Mapo dofu


I’ll admit it: the main reason I started making tofu at home is so I could make mapo dofu (麻婆豆腐), one of my all-time favorite things to eat and cook. This epitome of Sichuanese cooking is likely the dish through which most people first experience the food of that Chinese province. You wouldn’t necessarily expect this popularity from the simplicity of the dish (basically meat and tofu in a spicy sauce). Nor does the name inspire much confidence. Legend has it that an old woman (po; 婆) with a pockmarked face (ma; 麻) created it for a passing traveler who was quite taken by it. The rest, as they say, is culinary history. Mapo dofu is to be found on Chinese restaurant menus throughout the world but, unless you happen to be living in Chengdu, its putative birthplace, the homemade version is far superior.

There are endless variations of this dish (mine is adapted from here). I generally make it with pork but beef, too, will work. Fermented black beans (dou chi; 豆豉) are used in some versions. Also, while many recipes call for soft or silken tofu I prefer the firm kind. And the tofu doesn’t of course have to be homemade, although you’ll definitely get a kick out of preparing this dish entirely from scratch if you do use your own tofu!


Mapo dofu

Yield: 2 servings

Prep Time: 10 minutes

Cook Time: 10 minutes

Total Time: 20 minutes


  • 1/2 cup low sodium chicken stock
  • 2 tsp soy sauce
  • 2 tsp arrowroot or cornstarch
  • 2 tsp sesame oil
  • 5-6 dried red chillies, cut in half and seeded
  • 1 Tbsp Sichuan peppercorns, toasted and finely ground (plus more to taste)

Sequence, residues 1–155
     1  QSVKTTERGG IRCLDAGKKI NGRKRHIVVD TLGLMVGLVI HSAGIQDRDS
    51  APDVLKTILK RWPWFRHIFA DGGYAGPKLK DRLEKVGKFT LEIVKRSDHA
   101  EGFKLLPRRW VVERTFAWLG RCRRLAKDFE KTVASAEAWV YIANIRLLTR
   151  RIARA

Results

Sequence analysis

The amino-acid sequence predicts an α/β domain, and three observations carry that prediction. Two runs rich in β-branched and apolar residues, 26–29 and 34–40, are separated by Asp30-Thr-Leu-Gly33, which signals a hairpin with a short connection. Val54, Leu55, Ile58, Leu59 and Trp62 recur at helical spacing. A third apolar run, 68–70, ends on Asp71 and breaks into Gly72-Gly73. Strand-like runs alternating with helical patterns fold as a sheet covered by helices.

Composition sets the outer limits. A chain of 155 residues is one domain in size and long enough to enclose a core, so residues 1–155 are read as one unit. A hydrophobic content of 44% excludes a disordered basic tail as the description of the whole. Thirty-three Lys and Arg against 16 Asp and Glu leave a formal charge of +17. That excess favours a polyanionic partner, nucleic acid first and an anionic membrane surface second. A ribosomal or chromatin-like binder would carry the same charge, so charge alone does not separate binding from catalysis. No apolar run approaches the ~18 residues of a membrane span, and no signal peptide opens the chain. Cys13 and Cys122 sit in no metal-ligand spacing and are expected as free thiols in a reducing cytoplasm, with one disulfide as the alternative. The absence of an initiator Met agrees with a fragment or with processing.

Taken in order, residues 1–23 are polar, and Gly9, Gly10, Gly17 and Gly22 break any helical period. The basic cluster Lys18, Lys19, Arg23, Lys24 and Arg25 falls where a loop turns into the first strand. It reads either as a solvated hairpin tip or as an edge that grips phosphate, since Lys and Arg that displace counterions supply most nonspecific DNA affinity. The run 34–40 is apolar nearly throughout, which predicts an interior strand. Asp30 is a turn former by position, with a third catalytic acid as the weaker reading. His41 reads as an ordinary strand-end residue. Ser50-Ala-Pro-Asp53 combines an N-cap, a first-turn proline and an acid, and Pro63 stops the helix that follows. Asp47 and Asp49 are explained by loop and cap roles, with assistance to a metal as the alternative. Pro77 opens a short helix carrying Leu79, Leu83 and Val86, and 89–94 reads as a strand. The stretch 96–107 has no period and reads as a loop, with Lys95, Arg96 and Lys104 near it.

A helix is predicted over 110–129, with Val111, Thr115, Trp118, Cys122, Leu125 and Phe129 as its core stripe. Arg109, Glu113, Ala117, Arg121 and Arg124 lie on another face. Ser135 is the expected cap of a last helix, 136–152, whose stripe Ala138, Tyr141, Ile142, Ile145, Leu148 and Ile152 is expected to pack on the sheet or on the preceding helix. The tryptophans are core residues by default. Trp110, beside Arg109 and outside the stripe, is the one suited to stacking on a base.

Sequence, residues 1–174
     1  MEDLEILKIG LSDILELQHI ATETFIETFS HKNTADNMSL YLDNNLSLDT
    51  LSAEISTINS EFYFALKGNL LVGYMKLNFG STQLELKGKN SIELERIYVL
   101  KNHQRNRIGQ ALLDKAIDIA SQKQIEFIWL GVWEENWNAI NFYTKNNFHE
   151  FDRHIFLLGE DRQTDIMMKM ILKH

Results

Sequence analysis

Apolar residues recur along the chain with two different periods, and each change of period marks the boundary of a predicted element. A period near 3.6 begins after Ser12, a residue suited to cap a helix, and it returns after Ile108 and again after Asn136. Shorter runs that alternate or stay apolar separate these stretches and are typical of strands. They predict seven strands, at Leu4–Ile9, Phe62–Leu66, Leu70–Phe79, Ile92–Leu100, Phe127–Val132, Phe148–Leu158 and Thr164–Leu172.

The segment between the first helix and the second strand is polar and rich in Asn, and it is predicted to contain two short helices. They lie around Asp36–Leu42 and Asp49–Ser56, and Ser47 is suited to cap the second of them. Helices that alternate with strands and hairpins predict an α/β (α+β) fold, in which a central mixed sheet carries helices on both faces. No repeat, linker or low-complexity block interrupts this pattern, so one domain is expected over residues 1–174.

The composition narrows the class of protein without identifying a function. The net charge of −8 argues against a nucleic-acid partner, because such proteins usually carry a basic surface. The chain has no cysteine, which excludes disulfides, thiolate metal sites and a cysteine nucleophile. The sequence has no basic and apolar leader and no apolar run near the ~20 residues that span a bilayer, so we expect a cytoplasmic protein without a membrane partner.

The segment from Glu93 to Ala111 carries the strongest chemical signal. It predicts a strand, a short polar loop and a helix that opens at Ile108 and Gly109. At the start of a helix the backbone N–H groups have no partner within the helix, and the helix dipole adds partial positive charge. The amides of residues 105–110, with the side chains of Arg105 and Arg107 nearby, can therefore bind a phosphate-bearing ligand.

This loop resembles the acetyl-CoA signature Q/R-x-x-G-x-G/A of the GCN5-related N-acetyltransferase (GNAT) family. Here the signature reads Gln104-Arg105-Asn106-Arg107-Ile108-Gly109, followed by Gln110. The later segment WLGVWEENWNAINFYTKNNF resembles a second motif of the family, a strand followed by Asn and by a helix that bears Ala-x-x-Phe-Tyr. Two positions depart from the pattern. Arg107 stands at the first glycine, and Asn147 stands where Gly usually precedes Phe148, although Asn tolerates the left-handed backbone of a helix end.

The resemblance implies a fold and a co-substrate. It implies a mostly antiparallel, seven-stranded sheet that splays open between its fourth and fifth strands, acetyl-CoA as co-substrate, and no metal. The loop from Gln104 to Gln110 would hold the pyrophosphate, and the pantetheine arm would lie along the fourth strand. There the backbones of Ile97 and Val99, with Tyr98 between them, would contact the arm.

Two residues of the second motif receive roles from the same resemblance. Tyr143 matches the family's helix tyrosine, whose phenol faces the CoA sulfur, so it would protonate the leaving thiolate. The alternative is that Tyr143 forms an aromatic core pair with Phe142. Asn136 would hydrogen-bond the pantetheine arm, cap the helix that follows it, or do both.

• 4-5 scallions, white and light green parts, minced
  • 4-5 scallions, green parts, diced, for garnish
  • 1" piece ginger, finely minced
  • 4 cloves garlic, finely minced
  • 2 Tbsp fermented black beans (dou chi; 豆豉)
  • 1/2 lb ground pork
  • 1 Tbsp Shaoxing rice wine
  • 2 Tbsp toban djan (plus more to taste)
  • 1 14 oz package firm tofu, diced into 1" cubes
  • Steamed white, short-grain rice for serving


  1. In a small bowl mix together the stock, soy sauce and arrowroot. Set aside.
  2. In a large skillet heat the sesame oil over medium heat. Add the dried red chiles, ginger, garlic and minced scallions. Fry for a minute and then add the black beans and half the Sichuan peppercorns. Fry, stirring, for another 30 seconds.
  3. Add the ground pork and Shaoxing rice wine and mix well, using a wooden spoon to break up the meat.
  4. Once the meat is done add the toban djan and stir to mix well.
  5. Add the tofu followed by the stock mixture (stir before pouring in). Using a spatula,  fold the sauce over the tofu and meat being careful not to break the tofu. Cook for a minute or two until the tofu has heated through and the sauce thickened.
  6. Garnish with the remaining Sichuan peppercorns and scallions. Serve with the rice.


Adapted from a recipe by Marc Matsumoto

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